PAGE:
Strategies for Teaching Twice-Exceptional Students

Instructor: Maria Airth

Maria has a Doctorate of Education and over 20 years of experience teaching psychology and math related courses at the university level.

How can a student be both advanced and have special needs at the same time? This lesson reviews the case of twice exceptional students and strategies for working with these unique students.

Twice Exceptional Students

What is twice exceptional? Picture the proverbial 'nutty professor'. You know the one; he is always running late, doesn't seem to be able to carry on a conversation, would not have a clue how to behave in social situations, may even need help with basic living skills, but is the smartest person you've ever met! That person is most likely a twice exceptional person.

Twice exceptional (2e) is the seemingly contradictory conundrum of a person having both advanced academic abilities and a learning/development difficulty at the same time.

In fact, while not confirmed, Albert Einstein was probably a twice exceptional person as he was known to become easily lost in familiar places and could not tie his own shoes. He lacked social skills and was considered slow by his teachers. Yet, now, no one would doubt his academic excellence. He was a genius that was thought to be academically challenged!

Working with twice exceptional children offers great challenges. There are three general categories to consider when supporting twice exceptional students: teaching strategies, student-centered tips, and support for parents.

Teaching Strategies

2e students come with huge extremes. They are advanced and highly skilled in some areas (normally academic) yet need a lot of support in other areas (often sensory/development/social areas of life). There are several strategies that can be used to help them in the classroom.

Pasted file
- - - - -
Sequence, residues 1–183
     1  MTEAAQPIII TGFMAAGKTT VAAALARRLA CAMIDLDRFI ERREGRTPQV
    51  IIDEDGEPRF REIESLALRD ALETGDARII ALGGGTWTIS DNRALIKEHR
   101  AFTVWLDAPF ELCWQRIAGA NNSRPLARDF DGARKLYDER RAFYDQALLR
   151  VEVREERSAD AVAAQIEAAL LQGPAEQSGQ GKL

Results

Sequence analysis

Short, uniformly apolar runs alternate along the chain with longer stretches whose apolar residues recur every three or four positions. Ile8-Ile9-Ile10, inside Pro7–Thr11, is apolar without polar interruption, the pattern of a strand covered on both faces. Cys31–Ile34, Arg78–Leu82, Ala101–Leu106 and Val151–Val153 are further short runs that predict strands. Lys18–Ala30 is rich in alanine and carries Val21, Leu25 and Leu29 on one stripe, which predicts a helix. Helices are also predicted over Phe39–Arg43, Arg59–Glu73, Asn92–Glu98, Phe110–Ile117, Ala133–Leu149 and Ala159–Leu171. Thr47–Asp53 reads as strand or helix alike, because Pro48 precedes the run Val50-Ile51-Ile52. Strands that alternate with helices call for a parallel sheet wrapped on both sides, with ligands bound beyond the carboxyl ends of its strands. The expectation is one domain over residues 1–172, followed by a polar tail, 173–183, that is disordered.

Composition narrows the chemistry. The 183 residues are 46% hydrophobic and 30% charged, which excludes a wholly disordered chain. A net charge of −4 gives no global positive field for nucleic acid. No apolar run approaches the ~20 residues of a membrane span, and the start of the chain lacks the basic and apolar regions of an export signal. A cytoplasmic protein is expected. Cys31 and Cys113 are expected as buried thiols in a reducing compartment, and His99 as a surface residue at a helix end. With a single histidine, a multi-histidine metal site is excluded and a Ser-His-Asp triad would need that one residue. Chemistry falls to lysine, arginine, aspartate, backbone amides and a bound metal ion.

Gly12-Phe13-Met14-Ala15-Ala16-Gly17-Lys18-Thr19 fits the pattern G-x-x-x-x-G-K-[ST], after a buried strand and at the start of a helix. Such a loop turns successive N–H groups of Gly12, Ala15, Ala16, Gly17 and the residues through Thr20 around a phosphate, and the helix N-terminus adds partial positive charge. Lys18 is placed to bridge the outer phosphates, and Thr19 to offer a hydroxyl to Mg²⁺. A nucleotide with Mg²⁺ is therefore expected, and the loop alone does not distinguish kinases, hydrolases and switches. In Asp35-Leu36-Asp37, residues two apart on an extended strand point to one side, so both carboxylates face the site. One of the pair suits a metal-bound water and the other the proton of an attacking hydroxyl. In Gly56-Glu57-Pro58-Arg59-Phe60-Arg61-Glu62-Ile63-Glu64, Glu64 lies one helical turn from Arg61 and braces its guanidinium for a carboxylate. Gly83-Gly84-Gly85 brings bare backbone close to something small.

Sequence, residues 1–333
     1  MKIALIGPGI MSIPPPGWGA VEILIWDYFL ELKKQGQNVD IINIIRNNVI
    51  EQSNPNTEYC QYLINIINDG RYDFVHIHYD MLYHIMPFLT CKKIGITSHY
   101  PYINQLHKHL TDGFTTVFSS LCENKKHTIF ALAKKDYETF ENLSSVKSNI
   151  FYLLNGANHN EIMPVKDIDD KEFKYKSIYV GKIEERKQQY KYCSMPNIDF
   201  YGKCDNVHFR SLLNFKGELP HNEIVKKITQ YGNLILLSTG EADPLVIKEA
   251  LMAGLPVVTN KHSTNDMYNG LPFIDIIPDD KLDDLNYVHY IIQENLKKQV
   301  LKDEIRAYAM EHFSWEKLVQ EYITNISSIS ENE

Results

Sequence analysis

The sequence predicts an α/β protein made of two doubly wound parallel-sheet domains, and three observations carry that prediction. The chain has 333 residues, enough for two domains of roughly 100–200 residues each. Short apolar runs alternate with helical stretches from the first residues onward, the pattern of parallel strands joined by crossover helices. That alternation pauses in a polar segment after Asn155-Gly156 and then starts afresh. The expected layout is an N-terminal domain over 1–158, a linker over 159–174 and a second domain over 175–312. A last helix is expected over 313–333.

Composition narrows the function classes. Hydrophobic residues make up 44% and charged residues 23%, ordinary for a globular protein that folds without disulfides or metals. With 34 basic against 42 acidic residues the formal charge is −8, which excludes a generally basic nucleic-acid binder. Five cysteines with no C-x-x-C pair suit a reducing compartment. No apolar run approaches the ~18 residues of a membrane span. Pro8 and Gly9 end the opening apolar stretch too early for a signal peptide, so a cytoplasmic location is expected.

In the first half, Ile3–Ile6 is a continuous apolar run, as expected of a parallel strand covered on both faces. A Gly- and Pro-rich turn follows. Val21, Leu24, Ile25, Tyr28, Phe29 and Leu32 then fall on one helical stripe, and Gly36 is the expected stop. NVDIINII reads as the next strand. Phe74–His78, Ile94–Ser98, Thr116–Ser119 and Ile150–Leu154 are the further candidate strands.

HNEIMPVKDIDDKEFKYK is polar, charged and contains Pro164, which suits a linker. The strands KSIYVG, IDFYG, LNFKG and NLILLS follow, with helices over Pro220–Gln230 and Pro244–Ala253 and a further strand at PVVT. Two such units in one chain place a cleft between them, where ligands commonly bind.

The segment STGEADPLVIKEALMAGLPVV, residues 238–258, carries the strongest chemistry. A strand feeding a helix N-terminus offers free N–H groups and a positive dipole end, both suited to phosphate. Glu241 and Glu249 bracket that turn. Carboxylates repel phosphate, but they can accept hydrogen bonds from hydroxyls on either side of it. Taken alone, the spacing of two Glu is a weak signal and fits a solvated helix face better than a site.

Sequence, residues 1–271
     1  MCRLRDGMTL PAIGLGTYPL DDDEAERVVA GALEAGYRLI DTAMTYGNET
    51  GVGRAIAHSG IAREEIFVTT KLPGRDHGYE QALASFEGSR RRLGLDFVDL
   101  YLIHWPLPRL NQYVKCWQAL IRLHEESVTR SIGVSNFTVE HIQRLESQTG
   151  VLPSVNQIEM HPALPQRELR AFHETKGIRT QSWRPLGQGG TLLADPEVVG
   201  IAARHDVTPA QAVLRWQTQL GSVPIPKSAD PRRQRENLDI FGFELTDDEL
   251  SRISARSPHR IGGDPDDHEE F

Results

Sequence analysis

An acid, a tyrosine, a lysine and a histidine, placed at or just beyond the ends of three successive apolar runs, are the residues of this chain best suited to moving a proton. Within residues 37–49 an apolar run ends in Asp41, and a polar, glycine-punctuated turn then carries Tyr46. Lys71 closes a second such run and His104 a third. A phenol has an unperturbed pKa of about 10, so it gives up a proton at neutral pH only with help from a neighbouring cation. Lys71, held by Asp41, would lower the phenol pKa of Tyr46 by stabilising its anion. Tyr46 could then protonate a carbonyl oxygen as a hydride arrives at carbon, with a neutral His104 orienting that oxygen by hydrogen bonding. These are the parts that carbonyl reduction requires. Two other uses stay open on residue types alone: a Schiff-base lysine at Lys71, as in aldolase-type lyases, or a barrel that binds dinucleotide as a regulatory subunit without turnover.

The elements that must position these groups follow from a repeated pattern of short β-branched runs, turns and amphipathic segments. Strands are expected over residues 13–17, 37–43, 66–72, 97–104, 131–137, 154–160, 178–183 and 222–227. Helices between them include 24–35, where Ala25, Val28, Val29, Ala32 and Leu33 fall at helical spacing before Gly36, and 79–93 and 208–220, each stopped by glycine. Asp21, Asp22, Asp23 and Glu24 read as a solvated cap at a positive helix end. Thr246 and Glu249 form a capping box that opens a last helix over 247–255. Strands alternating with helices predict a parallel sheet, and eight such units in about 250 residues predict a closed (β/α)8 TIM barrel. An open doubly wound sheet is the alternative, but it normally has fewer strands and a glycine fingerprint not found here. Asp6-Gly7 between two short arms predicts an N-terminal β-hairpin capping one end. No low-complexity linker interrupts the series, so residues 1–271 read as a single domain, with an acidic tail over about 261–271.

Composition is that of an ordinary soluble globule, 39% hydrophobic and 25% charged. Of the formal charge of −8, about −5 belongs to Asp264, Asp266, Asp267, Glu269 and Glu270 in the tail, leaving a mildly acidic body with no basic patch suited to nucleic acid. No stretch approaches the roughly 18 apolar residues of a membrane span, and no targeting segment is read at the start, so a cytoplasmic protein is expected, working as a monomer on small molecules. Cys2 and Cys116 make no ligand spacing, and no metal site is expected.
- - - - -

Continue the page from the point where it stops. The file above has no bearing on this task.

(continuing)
Differentiate Instruction

One of the most important teaching strategies to remember is to make sure that you differentiate your instruction. Conducting assessment tests will help you to identify the levels at which your students are working in each subject. You may find an 8-year-old child working at a sixth-grade level in science, but only a first-grade level in writing skills. That is okay.


It is also important to teach organizational skills. These students have difficulty organizing themselves. They are very intelligent, but their minds tend to hyper-focus on those topics and subjects that interest them while the remainder becomes a chaotic mental mess. Presenting units on organizational skills such as color-coded subject notebooks and note taking can help students learn to take control of their own educational paths.

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